Kids Weigh In On Their Favorite And Least Favorite Packed School Lunches Gallery

When it comes to packing a lunch for kids, you just need to grab a protein, add a fruit and veggie and you're good to go, right? Not exactly. As any parent knows, children can have exacting standards when it comes to their school lunches and those standards can change on a whim. So we were curious: What are the most and least popular packed lunches for kids these days? We decided to go straight to the source and ask the kids themselves.

We conducted an unscientific poll of 50 kids ages 4 to 15 from across the United States on what they like and what they hate about packed lunches. Their answers may surprise you.

Worst: Tuna Fish

Despite the fact that my 14-year-old niece makes herself a tuna fish sandwich almost every day for lunch, she's not in good company — especially among the younger kids. Asked what their least-favorite school lunch option is, we heard a resounding, "Tuna fish! Ewwwww!"

Why? Well, it's stinky, the kids report. Others deem it "yucky," while still others simply shrivel up their noses and groan. It does seem kids come around to tuna the older they get, which is promising because we adults know tuna is a great healthy lunch option. Choose albacore packed in water for the healthiest, most delicious option.

Worst: Leftovers

Kids are also not fans of leftovers, they tell us. Leftovers are hard to keep warm, they tend to get "mushy," and a rehashing of last night's main event just isn't exciting. As one polled child said, there's nothing worse than "food that should be warmed up but I had to eat it cold."

Worst: Turkey Sandwiches

While kids like sandwiches in general (more on that in a bit), they are not fans of turkey sandwiches.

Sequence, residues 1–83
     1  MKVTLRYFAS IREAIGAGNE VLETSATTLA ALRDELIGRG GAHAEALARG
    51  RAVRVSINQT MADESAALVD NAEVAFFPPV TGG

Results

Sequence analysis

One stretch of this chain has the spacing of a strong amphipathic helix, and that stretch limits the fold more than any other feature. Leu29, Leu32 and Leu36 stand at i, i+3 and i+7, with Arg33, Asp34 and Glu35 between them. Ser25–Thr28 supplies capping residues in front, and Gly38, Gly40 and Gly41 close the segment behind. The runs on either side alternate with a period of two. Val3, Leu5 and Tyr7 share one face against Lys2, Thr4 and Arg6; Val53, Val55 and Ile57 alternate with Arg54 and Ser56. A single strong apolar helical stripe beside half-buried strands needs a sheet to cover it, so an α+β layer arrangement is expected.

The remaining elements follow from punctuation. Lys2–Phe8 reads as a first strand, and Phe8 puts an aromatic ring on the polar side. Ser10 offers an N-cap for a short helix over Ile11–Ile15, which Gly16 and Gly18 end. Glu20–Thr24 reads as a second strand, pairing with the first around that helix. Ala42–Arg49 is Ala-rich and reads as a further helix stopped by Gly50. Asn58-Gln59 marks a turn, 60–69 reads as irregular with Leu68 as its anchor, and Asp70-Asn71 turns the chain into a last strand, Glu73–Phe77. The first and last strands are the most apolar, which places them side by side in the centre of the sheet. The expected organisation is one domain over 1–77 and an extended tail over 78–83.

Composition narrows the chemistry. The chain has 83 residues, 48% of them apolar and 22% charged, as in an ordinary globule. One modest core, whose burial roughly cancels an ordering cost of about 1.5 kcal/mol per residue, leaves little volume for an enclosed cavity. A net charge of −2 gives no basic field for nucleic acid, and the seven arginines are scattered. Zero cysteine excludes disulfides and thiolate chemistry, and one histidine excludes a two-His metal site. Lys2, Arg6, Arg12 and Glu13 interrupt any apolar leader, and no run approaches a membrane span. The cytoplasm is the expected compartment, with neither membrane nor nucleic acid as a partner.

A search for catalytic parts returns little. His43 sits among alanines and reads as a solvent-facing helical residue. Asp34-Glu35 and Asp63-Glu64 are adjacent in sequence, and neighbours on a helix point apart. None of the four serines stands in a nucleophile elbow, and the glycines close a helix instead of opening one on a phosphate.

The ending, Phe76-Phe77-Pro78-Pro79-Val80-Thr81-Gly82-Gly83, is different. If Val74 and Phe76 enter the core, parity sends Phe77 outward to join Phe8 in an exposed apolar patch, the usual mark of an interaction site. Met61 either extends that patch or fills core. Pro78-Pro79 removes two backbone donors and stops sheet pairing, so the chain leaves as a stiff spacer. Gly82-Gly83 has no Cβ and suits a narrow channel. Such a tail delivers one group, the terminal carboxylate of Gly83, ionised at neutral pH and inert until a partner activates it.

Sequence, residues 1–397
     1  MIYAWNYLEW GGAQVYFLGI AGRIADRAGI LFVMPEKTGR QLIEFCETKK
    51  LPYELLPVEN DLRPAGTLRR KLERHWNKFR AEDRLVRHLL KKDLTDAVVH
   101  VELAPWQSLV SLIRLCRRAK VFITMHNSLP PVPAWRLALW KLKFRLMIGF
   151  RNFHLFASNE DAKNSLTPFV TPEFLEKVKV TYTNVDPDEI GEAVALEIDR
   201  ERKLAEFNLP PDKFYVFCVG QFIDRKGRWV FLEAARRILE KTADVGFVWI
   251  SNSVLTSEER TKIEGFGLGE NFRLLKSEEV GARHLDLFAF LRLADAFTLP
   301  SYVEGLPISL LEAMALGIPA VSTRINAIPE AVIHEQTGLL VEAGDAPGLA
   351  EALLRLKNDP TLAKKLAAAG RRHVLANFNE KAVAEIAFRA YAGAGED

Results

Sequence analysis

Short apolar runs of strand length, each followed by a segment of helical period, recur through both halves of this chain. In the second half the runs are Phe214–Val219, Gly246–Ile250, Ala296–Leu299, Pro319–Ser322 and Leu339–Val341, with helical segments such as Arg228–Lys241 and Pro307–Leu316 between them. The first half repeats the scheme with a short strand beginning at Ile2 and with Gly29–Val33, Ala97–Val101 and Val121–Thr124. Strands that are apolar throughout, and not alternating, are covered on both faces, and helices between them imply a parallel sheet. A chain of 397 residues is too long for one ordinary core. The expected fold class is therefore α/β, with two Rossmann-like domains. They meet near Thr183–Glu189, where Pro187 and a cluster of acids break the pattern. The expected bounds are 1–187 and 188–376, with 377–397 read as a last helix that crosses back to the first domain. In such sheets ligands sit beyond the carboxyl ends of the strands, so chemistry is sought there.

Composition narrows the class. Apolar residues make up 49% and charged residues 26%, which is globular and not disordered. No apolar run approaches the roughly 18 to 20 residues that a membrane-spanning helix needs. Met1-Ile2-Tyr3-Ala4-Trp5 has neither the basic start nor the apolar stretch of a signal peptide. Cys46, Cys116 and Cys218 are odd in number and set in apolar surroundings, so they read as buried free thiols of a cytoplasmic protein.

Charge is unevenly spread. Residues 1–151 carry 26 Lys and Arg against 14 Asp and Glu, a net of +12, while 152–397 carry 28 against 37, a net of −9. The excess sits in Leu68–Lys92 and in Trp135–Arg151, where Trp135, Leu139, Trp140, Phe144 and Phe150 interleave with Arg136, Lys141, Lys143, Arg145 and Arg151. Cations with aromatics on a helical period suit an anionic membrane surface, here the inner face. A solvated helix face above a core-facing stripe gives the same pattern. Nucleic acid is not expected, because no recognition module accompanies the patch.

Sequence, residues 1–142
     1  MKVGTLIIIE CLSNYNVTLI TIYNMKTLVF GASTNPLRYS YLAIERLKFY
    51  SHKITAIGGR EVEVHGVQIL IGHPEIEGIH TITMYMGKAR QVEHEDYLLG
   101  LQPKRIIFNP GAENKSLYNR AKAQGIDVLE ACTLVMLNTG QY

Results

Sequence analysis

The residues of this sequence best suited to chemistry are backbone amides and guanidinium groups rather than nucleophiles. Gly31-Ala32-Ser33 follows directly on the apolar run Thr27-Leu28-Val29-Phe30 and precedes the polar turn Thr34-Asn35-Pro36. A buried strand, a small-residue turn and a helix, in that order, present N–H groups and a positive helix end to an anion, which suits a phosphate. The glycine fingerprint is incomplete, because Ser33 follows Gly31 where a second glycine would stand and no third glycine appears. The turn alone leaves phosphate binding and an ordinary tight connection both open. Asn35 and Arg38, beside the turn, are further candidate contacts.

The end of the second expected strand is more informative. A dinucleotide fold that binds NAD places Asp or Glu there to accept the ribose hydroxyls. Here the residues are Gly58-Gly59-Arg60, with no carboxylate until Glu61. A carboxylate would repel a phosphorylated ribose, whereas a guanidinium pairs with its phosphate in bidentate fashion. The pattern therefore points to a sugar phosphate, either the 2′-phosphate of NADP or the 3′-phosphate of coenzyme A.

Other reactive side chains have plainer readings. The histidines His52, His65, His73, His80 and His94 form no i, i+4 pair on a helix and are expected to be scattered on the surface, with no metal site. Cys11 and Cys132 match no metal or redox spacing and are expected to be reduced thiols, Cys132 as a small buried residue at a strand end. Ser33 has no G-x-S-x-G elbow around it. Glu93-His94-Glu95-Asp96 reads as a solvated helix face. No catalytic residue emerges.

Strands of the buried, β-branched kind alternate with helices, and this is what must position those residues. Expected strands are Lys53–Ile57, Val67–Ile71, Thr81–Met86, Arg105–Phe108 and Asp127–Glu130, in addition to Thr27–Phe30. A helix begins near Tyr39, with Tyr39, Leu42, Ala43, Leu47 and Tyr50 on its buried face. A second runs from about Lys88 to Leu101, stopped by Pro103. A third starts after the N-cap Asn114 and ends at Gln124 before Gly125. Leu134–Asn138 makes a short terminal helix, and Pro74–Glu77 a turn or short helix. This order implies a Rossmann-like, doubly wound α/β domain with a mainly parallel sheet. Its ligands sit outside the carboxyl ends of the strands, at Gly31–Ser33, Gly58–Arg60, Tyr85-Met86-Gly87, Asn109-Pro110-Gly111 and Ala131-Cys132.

Kids who don't like turkey do tend to like chicken. Buy a pre-made rotisserie chicken and serve slices of breast on bread with hummus for a healthy, delicious option. Rotisserie chicken is much healthier than processed deli meats.

Worst: Greek Yogurt

Kids do love yogurt, but not the Greek variety. Perhaps this is because the kids polled don't know what Greek yogurt is, but nevertheless, only 31 percent said they'd eat it if it came in their packed lunch.

Worst: Peanut Butter and Banana Sandwiches

Sometimes deemed a healthier alternative to the classic PB&J, peanut butter and banana sandwiches seem like a home run. Bananas slathered in peanut butter — what's not to like? Quite a bit, it seems. Only 32 percent of kids polled say they like them. Hold the bananas, parents.

Worst: Avocado

Avocado, every adult knows, is full of healthy fats. And guess what? Kids don't care. Only 33 percent will eat cubed avocados at lunch. Apparently, it's a texture thing. "They're slimy," reports Jenna, 7.

Worst: Deli Roll-Ups

For whatever reason, kids we polled aren't huge fans of deli roll-ups — those pinwheels made up of deli meats and cheeses rolled up in a tortilla. They ranked low on our "favorite foods to pack" question.

But kids who do like deli roll-ups love them. Try making them more appetizing by adding cream cheese or spearing them with cute toothpicks.

Worst: Broccoli

While 64 percent of kids polled said they like veggies in their packed lunches, broccoli isn't a favorite. Only 37 percent of kids approve of broccoli in their lunches. So how to make nutrient-rich broccoli more attractive to kids? Parents recommend serving bite-sized pieces slathered in cheese or served with dip. Kids agree. Their favorite dips? Ranch and hummus.

Worst: Veggie Chips

Only 41 percent of kids polled say they like veggie chips, which doesn't really make these sodium-filled snacks a "worst" as much as a "meh."

Best: Pasta and Chicken Nuggets

Kids we polled like pasta and chicken nuggets for lunch in equal measure, but not quite as much as you'd think. This is likely because both need to be kept warm and can turn to mush.

Instead of frying nuggets or tenders (kids have no preference between nuggets and tenders), try baking them instead. It's much healthier.

Best: Peanut Butter and Jelly

According to the National Peanut Board, the average kid will eat 1500 PB&J sandwiches before they go to college, and the kids we polled love them. In fact, PB&J was the overwhelming favorite among all sandwich options in the poll. Only 25 percent of kids say they don't like them.

Here's the deal with PB&J: Peanut butter has a lot of fiber and protein. It's the sugar-filled jelly that's troublesome. Look for jams that contain real fruits and no added sugar.

As for what makes a great PB&J, kids say they like grape jelly (37 percent) best, with strawberry coming in second (19 percent).